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Leading Voices – Bobby Watts – Why the Council?

Bobby Watts is the Director of the NIMRC Initiative and CEO of the National Health Care for the Homeless Council.

Interest in Medical Respite (aka Recuperative Care) has increased dramatically over the past few years, and interest accelerated during the past months of the COVID-19 pandemic. In response to this increased demand for Medical Respite Care, two months ago, the National Health Care for the Homeless Council established a new special initiative, the National Institute for Medical Respite Care (NIMRC). Our goals are ambitious: to increase the number of Medical Respite programs, increase the quality of their services, and increase the sustainability of Medical Respite programs.

There are several reasons why we at the Council believe that we are the right ones to promote Medical Respite and pursue such heady goals: Our Community, Our Expertise, and Our Values.

Our Community

The best way to describe the 200 organizational members and the thousands of individual members that comprise the Council is as a supportive, caring, and sharing community. Health Care for the Homeless programs and Medical Respite programs straddle the worlds of health care and homeless services. In both of those worlds they are atypical, and the pioneers of the Health Care for the Homeless movement realized that they needed to support and learn from each other because they weren’t getting it from the health care system. That same spirit of mutual support which led to the Council’s founding almost 30 years ago is still evident in all we do. We freely share our successes and our failures to help other members of the community improve.

Our Expertise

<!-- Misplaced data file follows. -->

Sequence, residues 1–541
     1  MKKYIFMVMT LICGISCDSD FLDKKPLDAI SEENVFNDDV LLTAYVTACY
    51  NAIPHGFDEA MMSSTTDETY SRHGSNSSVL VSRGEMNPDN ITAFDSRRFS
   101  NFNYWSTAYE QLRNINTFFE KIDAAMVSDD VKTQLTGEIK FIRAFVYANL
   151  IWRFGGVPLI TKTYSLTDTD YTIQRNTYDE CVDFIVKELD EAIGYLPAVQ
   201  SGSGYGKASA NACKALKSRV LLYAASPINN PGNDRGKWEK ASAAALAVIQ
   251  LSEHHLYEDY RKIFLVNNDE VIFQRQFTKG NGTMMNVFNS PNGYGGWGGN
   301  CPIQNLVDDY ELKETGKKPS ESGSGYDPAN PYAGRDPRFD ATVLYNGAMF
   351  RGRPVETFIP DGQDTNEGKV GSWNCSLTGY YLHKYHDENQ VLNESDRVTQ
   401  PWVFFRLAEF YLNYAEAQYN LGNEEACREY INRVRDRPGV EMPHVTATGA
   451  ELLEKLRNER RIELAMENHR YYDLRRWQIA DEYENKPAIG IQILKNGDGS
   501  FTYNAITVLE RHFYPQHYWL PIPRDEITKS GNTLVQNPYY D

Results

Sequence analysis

Medical Respite began more than 30 years ago, with the first programs established by members of the Council. Since then, the Respite Care Providers Network, which is part of the Council, has become the preeminent repository of knowledge about clinical care, operations, and financing in Medical Respite programs. All that we do is powered by those on the front lines – those providing or receiving Medical Respite care. This expertise in providing care for people experiencing homelessness has led to the Council being sought for guidance by other parts of the health care system: hospitals, managed care organizations, public health departments, universities, and medical schools. We have also been increasingly involved with other parts of the homeless response system: shelters, rescue missions, supportive housing, and Continua of Care. Continuing to be a bridge between health care and housing programs, we are extremely pleased to have been able to provide input to both the CDC and HUD during this pandemic.

Our Values

The values of the Council are expressed in our mission statement: Grounded in human rights and social justice, the NHCHC mission is to build an equitable, high-quality health care system through training, research, and advocacy in the movement to end homelessness.

Our movement springs from, and has as its foundation in, a commitment to advancing health care and housing as human rights. We value the dignity and equality of each individual and strive to really listen to those with the lived expertise of homelessness when designing, delivering, and evaluating our services. Along with high-quality services, equity is also a foundational value for all our work. In an inequitable society, this is both difficult and essential to do if we are to make lasting change toward ending homelessness.

Three years ago, the Council began concerted efforts to promote race equity in health care and housing services. Though we have a long way to go, that intentional work has prepared us to help Health Care for the Homeless programs and Medical Respite programs build practices, processes, and structures in their organizations that will promote equity for their patients and staff.

The Council will pour not only all of our learning and expertise from the past 30 years into NIMRC and those whom NIMRC assists, but will also pour the enduring values of human rights, social justice, and race equity to create and support high-quality, sustainable, and equitable Medical Respite Care.